Life of Pi

In Canada, a young writer meets Pi Patel. The writer has been told that Pi’s life story would be a good subject for a book. Pi tells the writer the following story about his life:

Pi’s father names him Piscine Molitor Patel after the swimming pool in France. In secondary school in Pondicherry, he adopts the name “Pi” (the Greek letter, π) to avoid the sound-alike nickname “Pissing Patel”. He is raised in a Hindu family, but at 12 years old, is introduced to Christianity and then Islam, and decides to follow all three religions as he “just wants to love God”. His mother supports his desire to grow, but his rationalist father tries to secularize him. Pi’s family owns a zoo, and Pi takes interest in the animals, especially a Bengal tiger named Richard Parker. After Pi gets dangerously close to Richard Parker, his father forces him to witness the tiger killing a goat.

When Pi is 16, his father announces that they must move to Canada, where he intends to settle and sell the animals. The family books passage with the animals on a Japanese freighter. During a storm, the ship founders while Pi is on deck. He tries to find his family, but a crewman throws him into a lifeboat. A freed zebra jumps onto the boat with him, breaking its leg. The ship sinks into the Mariana Trench drowning his family. Pi briefly sees what appears to be a survivor, but it turns out to be Richard Parker.

After the storm, Pi awakens in the lifeboat with the zebra and is joined by a resourceful orangutan. A spotted hyena emerges from under a tarpaulin covering half of the lifeboat and snaps at Pi, forcing him to retreat to the end of the boat. The hyena kills the zebra and later the orangutan. Richard Parker emerges from under the tarpaulin, killing the hyena before retreating back to cover for several days.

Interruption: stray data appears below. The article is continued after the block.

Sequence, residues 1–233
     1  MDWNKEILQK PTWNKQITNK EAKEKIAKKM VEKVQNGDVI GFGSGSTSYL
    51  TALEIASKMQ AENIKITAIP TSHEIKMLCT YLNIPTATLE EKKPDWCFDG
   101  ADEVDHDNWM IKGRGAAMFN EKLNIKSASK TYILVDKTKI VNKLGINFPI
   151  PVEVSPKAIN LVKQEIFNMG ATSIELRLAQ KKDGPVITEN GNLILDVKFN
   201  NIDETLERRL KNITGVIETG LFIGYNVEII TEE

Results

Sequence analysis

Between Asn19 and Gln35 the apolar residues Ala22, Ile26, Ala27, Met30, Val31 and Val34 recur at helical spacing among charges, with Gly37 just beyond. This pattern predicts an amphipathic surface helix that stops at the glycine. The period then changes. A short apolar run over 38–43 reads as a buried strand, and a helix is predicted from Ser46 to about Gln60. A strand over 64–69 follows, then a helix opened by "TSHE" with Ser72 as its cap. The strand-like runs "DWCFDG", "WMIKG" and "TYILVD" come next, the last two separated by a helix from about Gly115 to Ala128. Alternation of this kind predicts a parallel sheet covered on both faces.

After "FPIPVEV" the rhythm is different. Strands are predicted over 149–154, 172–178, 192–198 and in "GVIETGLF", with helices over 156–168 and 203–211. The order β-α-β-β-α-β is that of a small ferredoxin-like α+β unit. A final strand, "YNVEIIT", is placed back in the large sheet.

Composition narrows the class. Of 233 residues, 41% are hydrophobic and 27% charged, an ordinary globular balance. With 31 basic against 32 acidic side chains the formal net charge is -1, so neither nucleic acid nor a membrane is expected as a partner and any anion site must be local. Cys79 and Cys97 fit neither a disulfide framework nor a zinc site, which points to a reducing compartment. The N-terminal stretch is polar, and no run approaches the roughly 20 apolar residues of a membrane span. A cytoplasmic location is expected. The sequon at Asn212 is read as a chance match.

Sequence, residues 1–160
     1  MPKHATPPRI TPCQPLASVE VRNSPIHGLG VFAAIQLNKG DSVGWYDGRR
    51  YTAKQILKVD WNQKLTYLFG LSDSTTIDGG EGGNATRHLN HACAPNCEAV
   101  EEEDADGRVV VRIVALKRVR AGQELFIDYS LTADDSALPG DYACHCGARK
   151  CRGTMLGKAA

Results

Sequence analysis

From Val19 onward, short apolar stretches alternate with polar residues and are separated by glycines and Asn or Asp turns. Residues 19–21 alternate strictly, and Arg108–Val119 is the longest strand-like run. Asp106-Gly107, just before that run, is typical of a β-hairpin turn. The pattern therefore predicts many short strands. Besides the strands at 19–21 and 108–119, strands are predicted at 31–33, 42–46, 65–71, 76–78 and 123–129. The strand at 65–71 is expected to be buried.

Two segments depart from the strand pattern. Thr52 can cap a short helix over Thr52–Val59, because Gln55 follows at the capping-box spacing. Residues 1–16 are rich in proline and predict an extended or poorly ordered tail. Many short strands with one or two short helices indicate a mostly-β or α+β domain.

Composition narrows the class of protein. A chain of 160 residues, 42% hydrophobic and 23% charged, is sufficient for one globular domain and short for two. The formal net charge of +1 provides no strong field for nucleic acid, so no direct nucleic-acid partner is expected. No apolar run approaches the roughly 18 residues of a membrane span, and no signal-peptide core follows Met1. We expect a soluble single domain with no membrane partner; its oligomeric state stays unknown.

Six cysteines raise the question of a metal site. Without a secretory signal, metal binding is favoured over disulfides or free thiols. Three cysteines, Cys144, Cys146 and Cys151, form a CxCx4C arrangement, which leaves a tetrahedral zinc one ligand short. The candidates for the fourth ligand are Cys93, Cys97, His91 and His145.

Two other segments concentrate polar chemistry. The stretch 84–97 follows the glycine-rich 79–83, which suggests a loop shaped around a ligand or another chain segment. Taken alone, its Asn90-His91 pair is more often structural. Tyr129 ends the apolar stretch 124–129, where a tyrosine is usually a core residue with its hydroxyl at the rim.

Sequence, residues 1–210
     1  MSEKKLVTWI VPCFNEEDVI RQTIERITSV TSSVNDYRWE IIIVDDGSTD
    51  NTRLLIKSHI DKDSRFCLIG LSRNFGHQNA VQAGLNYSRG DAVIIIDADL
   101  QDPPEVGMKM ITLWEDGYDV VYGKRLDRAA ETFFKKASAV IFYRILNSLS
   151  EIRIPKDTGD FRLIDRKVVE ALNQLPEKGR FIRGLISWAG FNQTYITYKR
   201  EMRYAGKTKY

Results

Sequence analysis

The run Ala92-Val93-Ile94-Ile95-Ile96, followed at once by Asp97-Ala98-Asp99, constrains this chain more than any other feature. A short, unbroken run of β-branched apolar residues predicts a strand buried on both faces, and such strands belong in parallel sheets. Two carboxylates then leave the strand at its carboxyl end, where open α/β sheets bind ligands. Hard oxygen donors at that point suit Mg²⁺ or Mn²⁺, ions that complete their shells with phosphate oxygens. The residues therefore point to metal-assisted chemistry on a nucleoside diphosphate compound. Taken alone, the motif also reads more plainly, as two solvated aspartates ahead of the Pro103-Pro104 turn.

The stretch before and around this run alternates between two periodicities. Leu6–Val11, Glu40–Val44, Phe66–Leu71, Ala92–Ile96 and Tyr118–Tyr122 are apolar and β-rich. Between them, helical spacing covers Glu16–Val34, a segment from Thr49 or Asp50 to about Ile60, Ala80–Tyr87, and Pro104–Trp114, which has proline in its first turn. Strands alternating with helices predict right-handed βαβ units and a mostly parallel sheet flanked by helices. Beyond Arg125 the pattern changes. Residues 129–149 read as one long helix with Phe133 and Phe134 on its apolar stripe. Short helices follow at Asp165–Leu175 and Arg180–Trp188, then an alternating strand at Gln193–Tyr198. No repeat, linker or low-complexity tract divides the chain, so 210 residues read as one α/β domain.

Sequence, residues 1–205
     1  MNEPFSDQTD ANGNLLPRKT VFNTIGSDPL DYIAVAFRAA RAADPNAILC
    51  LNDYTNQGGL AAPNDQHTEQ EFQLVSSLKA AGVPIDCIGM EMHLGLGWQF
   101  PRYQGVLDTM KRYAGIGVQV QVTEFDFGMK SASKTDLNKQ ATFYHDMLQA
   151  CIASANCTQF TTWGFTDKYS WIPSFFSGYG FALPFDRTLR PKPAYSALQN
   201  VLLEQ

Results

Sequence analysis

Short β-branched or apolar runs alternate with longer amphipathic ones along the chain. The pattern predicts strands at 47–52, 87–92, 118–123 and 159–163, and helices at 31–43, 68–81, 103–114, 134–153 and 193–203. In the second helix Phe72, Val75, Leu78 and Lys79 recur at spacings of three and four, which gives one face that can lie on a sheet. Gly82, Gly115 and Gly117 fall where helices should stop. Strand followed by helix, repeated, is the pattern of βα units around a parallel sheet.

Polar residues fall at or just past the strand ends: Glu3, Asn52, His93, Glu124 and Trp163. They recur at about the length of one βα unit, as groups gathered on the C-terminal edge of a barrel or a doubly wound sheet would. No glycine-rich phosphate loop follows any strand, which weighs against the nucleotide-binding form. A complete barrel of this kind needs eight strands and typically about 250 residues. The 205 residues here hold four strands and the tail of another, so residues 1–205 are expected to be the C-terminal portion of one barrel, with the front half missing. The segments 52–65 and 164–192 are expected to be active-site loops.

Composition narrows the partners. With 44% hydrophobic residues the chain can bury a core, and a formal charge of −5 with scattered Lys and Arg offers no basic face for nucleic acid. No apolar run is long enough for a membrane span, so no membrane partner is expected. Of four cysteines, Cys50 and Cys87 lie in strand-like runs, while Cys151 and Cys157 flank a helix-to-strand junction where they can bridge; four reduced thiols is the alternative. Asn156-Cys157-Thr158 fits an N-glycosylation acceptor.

Pi fashions a small tethered raft from flotation vests to which he retreats for safety from Richard Parker. Despite his moral code against killing, he begins fishing, enabling him to sustain the tiger as well. When the tiger jumps into the sea to hunt for fish and then comes threateningly towards Pi, Pi considers letting him drown, but ultimately helps him back into the boat. One night, a humpback whale comes too close to the boat, destroying the raft and its supplies. Pi trains Richard Parker to accept him in the boat, and realizes that caring for the tiger is also helping keep himself alive.

Weeks later they encounter a floating island of interconnected trees. It is a lush jungle of edible plants, freshwater pools and a large population of meerkats, enabling Pi and Richard Parker to eat and drink freely and regain strength. At night, the island transforms into a hostile environment. Richard Parker retreats to the lifeboat while Pi and the meerkats sleep in the trees; the water pools turn acidic, digesting the fish in them. Pi deduces that the island is carnivorous after finding a human tooth embedded in a flower.

Pi and Richard Parker leave the island, eventually reaching the coast of Mexico. Pi is saddened that Richard Parker does not acknowledge him before disappearing into the jungle. He is rescued and brought to a hospital. Insurance agents for the Japanese freighter company interview him, but do not believe his story and ask what really happened. He tells a different story, in which the animals are replaced by human survivors: his mother for the orangutan, an amiable sailor for the zebra, and the ship’s brutish cook for the hyena. In this story, the cook kills the sailor and feeds on his flesh. He also kills Pi’s mother after which Pi kills him with a knife and uses his remains as food and fish bait. The insurance agents are dissatisfied with this story, but they leave without questioning Pi further.

The writer recognizes the parallels between the two stories, noting that in the second version Pi is actually Richard Parker. Pi says that it does not matter which story is the truth because his family still died either way. He then asks which story the author prefers, and the author chooses the first, to which Pi replies, “and so it goes with God”. Glancing at a copy of the official insurance report, the writer reads aloud that Pi survived his great adventure “in the company of an adult Bengal tiger.”